Hazardous Waste Class 6: Poison

Businesses in a wide range of industries and fields work with poisonous substances on a daily basis to produce products that help people live better lives. 

Because poisonous or toxic materials may be an everyday reality at your business, proper hazardous waste removal and disposal should be a top priority for you. 

Below, we’ll explore some of the most frequent questions that address:

  • What Class 6 poisons are,
  • How they should be disposed of, and
  • Why it’s important to dispose of them properly.


What are Class 6 Poisons?


hazardous waste class 6

Poisons are a broad category of hazardous toxic materials that can cause serious health issues or death in humans. Class 6 poisons, in particular, include two subdivisions:

  • Division 6.1: Toxic substances
  • Division 6.2: Infectious substances


Division 6.1

Division 6.1 includes toxic substances, poisons and irritating materials. Examples include bromobenzyl cyanide, methyl bromide and tear gas. 

There are three kinds of toxicity that are often used to describe Division 6.1 substances that can help to identify a poison:

  • Oral toxicity: Poisons with oral toxicity are only toxic when ingested orally.
  • Dermal toxicity: Dermal toxicity means the poison is dangerous when it comes into contact with the skin. 
  • Inhalation toxicity: Inhalation toxicity means that the poison produces a vapor, dust or mist that can be toxic.

Irritating materials, such as tear gas, give off intense fumes and can cause the eyes, nose and throat to be irritated. However, these substances typically are reversible and only impair a person temporarily. 

Division 6.2

Division 6.2 includes infectious substances, which means they are a material that can contain a pathogen. Pathogens can include bacteria, viruses, fungi or other infectious substances. 

When packing and shipping infectious Division 6.2 substances, they must be assigned to a category:

  • Category A: This includes infectious substances transported in a form capable of causing permanent disability or is life threatening when exposure occurs.
  • Category B: This includes any substance that does not meet the criteria of Category A.

Other examples of Division 6.2 substances include biological products, regulated medical waste, used healthcare products and forensic materials. 

How Should They Be Disposed Of?


Improper disposal of hazardous waste can take many different forms. One of the most basic and common forms of improper waste disposal for poisonous materials is failing to store and label the waste. 

All poisons should be stored to meet federal guidelines enforced by the Department of Transportation. Shipping requirements when transporting these hazardous materials, may include:

  • A shipping manifest: In 2018, the Environmental Protection Agency began implementing a national e-manifest system that tracks hazardous waste shipments electronically. For several decades, the EPA has imposed a manifest system that tracks cradle-to-grave hazardous waste
  • The proper hazardous waste labels and placards: The DOT requires hazardous waste generators to label and mark each package of waste before transporting off site. The Class 6 placard, in particular, features a symbol that shows either a skull and crossbones or a biohazard symbol, depending on the division and hazard. It’s important to note that for regulated medical waste may have different outer packaging requirements.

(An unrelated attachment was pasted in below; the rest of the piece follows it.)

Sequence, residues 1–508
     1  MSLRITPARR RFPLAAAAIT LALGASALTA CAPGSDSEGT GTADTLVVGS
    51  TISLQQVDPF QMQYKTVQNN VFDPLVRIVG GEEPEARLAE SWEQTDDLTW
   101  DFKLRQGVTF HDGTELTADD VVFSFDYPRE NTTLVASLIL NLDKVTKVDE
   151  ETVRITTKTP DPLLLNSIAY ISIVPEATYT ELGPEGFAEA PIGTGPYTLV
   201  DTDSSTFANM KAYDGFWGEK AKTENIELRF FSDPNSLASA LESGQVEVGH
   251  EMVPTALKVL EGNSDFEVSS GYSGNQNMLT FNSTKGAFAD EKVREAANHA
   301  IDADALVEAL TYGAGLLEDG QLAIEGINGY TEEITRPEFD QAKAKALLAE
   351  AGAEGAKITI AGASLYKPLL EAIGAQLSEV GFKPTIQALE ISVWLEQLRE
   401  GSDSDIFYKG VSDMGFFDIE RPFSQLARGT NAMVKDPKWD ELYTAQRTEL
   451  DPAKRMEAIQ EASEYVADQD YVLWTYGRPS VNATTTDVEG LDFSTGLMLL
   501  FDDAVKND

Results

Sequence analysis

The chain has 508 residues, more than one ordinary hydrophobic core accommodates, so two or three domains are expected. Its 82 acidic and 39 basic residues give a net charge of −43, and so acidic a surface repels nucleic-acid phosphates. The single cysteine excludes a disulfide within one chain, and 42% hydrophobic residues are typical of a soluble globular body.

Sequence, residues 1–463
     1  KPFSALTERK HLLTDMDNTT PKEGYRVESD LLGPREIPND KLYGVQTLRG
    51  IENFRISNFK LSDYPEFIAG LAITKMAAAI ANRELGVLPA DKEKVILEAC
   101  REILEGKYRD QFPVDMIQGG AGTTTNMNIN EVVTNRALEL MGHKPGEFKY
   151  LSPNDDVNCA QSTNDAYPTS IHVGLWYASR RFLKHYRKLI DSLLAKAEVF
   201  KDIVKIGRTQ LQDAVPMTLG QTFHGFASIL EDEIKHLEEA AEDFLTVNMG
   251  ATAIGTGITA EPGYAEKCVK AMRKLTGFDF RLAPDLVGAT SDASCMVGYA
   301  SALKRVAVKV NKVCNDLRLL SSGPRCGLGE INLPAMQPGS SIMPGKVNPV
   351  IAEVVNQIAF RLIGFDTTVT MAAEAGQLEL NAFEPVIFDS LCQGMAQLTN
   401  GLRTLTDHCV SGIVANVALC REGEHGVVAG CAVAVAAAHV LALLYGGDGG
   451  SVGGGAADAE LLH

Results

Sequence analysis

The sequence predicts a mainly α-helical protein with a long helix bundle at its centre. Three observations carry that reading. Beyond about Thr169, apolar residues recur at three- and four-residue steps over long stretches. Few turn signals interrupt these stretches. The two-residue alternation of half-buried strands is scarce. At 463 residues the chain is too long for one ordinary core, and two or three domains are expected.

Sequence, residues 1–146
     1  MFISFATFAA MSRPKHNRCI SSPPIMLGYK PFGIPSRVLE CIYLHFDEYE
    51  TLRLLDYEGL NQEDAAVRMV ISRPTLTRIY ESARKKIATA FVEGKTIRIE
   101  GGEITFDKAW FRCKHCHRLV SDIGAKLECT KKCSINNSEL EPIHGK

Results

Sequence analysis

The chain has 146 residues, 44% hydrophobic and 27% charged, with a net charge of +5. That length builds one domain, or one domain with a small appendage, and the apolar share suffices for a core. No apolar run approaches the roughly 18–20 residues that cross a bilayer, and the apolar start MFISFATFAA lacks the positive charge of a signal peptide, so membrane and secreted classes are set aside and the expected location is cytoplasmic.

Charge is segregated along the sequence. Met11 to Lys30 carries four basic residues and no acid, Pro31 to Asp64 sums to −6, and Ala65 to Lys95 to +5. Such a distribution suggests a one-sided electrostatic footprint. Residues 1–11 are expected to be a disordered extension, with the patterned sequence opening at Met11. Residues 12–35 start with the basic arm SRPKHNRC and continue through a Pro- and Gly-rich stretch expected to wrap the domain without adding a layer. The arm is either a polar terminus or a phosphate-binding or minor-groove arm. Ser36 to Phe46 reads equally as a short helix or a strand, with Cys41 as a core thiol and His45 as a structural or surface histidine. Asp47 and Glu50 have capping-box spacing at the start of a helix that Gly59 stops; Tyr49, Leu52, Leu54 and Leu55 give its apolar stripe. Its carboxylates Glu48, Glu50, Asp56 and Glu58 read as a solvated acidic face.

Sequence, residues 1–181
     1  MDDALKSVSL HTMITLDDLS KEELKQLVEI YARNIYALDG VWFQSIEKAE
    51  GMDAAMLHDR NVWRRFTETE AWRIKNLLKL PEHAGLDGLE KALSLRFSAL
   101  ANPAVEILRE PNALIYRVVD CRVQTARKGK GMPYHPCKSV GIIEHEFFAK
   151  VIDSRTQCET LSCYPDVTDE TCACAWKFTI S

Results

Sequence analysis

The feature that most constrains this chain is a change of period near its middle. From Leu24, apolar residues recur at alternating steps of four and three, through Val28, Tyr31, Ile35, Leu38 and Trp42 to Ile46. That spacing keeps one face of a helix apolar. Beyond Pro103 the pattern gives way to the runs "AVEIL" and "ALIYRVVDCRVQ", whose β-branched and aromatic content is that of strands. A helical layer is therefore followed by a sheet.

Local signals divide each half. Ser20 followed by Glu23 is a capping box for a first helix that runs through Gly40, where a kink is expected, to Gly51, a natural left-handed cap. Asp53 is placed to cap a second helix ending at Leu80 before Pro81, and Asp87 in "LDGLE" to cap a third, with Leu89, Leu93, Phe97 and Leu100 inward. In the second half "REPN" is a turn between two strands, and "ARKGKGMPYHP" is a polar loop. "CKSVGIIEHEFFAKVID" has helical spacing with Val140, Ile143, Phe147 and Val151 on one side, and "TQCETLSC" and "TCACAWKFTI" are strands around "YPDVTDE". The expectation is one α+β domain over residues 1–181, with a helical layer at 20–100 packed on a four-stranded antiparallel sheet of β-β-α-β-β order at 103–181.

• California requirements: The California Department of Toxic Substances Control (DTSC) also provides its own set of requirements that generators must follow, including:
    • The composition and physical state of the waste
    • A statement that calls attention to the hazardous properties of the waste
    • Name and address of the generator

Poisons should be transported to a waste disposal facility, where they are processed by certified waste disposal professionals. 


Why Dispose Of Professionally?


Disposing of hazardous waste, including Class 6 poisons, is critical to following federal and state regulations, and keeping the public and environment safe. The U.S. Department of Transportation, EPA and the California DTSC prohibit this type of hazardous waste from being disposed of as normal waste. 

That’s because exposure to Class 6 poisons can result in serious illnesses, infectious diseases, traumatic injuries and even death. It is important to limit your organization’s liability and expenses in the event of a hazardous waste exposure.

While most hazardous waste generators are aware that they have responsibilities to safely dispose of their waste, many fail to realize there are “complete” cradle to grave requirements they must follow. To stay in compliance with the Resource Conservation and Recovery Act (RCRA), generators are responsible for the hazardous waste they produce from its initial generation, its transportation and to its final disposal.

Hiring a hazardous waste removal service is beneficial for a number of reasons. Working from one:

  • Eliminates your liability for disposing of wastes since you’ve hired a trusted, professional service.
  • Minimizes the risk of contaminating your workplace and environment, which means your employees will be kept safe. 
  • Assists you with staying on top of government regulation changes that can affect your ability to do your job effectively.
  • Improves your workflow, reduces expenses and allows you to do the job you were hired to do more effectively.

If you’re a company that uses Class 6 poisons, it’s important that you properly label, store, transport and dispose of these substances. A hazardous waste removal service can assist you with these critical tasks, allowing you to focus on the day-to-day operations of your business and its future.


IDR Hazardous Waste Placard Warning Sign